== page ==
Polymorphous low grade adenocarcinoma grows slowly, and its behavior is indolent, with a 10-15% rate of local recurrence, 10% regional lymph node metastasis and rarely distant spread. [10] Present case is followed-up for 1-year and patient is doing fine.

Though painless mass is the most common presentation of PLGA but bleeding, telangiectasia, or ulceration of the overlying mucosa can occur occasionally. Pathologist and clinicians evaluating a case of PLGA should keep in mind that the clinical presentation of PLGA may simulate SCC sometimes.

 
   References Top

1.
Luna MA, Wenig BM. Polymorphous low-grade adenocarcinoma. In: Barnes L, Eveson JW, Reichart P, Sidransky D, editors. Pathology & Genetics Head and Neck Tumours. Lyon: IARC Press; 2005. p. 223-4.  Back to cited text no. 1
    
2.
González-Lagunas J, Alasà-Caparrós C, Vendrell-Escofet G, Huguet-Redecilla P, Raspall-Martin G. Polymorphous low-grade adenocarcinoma of the nasal fossa. Med Oral Patol Oral Cir Bucal 2005;10:367-70.  Back to cited text no. 2
    
3.
Koss GL, Melamed MR. Salivary glands. In: Koss' Diagnostic Cytology and its Histopathologic Basis. USA: Lippincott Williams & Wilkins; 2006. p. 1246.  Back to cited text no. 3
    
4.
Mills ES, Carter CD. Salivary glands. In: Sternberg's Diagnostic Surgical Pathology. Philadelpia: Lippincott Williams & Wilkins; 2010. p. 841-2.  Back to cited text no. 4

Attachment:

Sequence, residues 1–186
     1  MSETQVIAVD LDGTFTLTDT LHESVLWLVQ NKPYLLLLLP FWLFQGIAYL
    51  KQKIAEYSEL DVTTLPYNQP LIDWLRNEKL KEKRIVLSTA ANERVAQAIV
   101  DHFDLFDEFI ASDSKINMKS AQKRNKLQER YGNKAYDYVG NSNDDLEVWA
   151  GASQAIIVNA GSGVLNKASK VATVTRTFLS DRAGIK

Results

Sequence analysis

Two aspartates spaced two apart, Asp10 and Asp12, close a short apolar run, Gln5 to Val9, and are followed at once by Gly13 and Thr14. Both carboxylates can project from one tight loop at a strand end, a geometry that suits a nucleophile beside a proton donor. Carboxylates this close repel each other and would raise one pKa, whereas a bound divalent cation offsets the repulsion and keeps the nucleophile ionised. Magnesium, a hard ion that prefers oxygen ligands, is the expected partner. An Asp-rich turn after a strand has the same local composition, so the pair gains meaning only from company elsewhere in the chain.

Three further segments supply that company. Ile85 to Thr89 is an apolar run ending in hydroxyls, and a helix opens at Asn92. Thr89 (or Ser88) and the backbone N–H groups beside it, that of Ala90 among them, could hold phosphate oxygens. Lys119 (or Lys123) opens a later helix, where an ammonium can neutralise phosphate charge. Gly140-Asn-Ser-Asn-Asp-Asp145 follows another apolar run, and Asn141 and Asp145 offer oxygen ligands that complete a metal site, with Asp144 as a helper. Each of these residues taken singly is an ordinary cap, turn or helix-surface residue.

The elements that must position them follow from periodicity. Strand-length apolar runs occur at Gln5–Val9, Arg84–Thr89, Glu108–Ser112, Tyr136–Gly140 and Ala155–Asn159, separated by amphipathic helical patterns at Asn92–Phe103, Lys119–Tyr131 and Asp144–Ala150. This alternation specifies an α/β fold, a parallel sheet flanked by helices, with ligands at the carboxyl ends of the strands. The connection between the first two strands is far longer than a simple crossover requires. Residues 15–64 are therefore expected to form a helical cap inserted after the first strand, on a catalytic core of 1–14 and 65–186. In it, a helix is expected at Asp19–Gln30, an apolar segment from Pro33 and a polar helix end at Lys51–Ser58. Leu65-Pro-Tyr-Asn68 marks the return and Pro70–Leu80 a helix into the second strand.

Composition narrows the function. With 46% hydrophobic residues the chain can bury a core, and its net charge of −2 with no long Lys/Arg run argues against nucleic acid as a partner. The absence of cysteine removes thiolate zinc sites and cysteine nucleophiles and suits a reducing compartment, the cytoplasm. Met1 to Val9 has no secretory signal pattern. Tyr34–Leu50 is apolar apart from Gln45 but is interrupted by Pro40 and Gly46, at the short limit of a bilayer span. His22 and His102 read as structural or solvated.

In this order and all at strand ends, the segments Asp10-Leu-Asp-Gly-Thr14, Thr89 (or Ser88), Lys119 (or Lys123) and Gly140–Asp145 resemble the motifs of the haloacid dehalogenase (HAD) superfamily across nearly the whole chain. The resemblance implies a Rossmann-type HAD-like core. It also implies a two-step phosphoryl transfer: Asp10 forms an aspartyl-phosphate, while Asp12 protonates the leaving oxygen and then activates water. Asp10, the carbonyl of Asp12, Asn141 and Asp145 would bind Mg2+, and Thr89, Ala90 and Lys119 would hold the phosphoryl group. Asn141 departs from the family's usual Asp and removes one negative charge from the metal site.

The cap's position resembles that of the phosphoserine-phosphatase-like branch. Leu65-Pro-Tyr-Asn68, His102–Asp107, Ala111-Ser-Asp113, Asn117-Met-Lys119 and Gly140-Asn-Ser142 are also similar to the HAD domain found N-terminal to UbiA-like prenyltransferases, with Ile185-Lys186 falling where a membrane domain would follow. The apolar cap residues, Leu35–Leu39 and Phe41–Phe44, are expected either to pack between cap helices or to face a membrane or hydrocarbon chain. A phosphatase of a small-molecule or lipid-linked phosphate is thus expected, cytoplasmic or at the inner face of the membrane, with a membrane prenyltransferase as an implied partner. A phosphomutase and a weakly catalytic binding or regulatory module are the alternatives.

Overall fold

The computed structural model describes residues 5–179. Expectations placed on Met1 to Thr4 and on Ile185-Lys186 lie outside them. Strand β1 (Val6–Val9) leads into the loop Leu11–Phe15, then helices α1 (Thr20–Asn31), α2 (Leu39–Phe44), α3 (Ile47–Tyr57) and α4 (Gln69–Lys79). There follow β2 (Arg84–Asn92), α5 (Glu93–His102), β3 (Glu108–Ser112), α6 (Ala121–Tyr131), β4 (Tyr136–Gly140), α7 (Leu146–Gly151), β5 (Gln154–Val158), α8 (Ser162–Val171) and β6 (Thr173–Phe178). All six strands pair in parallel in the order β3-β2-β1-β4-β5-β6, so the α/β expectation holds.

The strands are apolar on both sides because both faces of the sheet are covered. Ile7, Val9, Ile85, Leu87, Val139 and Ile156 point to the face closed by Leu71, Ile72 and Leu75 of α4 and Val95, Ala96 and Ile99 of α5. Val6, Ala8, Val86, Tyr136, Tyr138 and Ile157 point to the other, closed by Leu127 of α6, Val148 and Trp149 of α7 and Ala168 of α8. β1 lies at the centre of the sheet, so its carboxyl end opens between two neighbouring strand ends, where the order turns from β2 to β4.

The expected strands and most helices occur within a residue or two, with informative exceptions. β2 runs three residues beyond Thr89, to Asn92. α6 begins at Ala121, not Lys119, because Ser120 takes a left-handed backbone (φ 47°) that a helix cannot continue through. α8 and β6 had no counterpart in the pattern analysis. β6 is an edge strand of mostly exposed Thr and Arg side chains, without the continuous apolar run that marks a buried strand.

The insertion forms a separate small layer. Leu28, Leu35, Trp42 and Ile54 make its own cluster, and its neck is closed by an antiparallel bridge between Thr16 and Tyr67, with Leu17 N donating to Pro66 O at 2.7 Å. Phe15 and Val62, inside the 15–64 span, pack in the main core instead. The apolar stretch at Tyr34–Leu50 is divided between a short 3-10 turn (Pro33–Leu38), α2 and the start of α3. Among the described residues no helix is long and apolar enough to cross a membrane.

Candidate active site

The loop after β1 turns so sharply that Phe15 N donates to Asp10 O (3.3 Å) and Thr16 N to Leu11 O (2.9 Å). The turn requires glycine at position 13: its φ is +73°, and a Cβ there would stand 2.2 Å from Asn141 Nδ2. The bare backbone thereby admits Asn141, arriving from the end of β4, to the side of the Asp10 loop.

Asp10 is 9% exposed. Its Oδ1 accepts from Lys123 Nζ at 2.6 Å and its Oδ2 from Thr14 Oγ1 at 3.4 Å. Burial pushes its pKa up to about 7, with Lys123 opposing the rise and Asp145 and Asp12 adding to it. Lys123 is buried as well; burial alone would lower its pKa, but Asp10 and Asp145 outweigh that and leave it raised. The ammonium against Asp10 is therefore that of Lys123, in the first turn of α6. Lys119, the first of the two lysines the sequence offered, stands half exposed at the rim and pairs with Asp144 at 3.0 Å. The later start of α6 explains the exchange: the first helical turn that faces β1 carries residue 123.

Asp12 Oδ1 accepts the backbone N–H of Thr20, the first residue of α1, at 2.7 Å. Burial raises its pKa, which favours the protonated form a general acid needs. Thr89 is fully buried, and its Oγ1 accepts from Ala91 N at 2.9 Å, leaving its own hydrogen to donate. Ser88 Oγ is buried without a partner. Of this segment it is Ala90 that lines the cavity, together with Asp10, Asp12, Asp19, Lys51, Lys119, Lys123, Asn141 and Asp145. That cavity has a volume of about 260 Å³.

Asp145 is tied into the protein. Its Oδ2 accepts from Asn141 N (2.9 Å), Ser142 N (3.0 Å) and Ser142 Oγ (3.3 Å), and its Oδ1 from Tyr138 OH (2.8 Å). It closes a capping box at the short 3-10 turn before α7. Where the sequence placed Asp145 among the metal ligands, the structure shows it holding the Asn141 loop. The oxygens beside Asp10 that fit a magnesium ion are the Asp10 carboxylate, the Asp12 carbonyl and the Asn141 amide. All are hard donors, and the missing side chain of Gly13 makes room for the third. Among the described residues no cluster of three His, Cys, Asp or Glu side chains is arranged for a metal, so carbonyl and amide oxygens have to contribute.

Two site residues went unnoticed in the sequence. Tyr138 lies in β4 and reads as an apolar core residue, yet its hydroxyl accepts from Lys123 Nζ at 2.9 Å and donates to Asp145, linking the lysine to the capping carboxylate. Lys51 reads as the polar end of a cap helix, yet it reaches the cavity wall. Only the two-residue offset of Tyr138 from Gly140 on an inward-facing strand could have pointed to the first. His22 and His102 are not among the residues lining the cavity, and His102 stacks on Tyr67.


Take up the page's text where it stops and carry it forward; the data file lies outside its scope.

5.
Orell SR, Sterrett GF. Head and neck; salivary glands. In: Fine Needle Aspiration Cytology. 4 th ed. New York: Churchill Livingstone, Elsevier; 2012. p. 69.  Back to cited text no. 5
    
6.
Rosai J. Tumours of odontogenic epithelium. In: Rosai and Ackerman's Surgical Pathology. 10 th ed. St. Louis, Missouri: Elsevier; 2009. p. 260-1.  Back to cited text no. 6
    
7.
Castle JT, Thompson LD, Frommelt RA, Wenig BM, Kessler HP. Polymorphous low grade adenocarcinoma: A clinicopathologic study of 164 cases. Cancer 1999;86:207-19.  Back to cited text no. 7
    
8.
Cardesa A, Gale N, Nadal A, Zidar N. Squamous cell carcinoma. In: Barnes L, Eveson JW, Reichart P, Sidransky D, editors. In: Pathology & Genetics Head and Neck Tumours. Lyon: IARC Press; 2005. p. 118.  Back to cited text no. 8
    
9.
Skálová A, Simpson RH, Lehtonen H, Leivo I. Assessment of proliferative activity using the MIB1 antibody help to distinguish polymorphous low grade adenocarcinoma from adenoid cystic carcinoma of salivary glands. Pathol Res Pract 1997;193:695-703.  Back to cited text no. 9
    
10.
Lengyel E, Somogyi A, Gõdény M, Szerdahelyi A, Németh G. Polymorphous low-grade adenocarcinoma of the nasopharynx. Case report and review of the literature. Strahlenther Onkol 2000;176:40-2.  Back to cited text no. 10
    

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Correspondence Address:
Dr. Reena Tomar
Senior Resident, Department of Pathology, U.C.M.S. and GTB Hospital, Dilshad Garden, New Delhi - 110 095
India
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Source of Support: None, Conflict of Interest: None


DOI: 10.4103/0970-9371.155241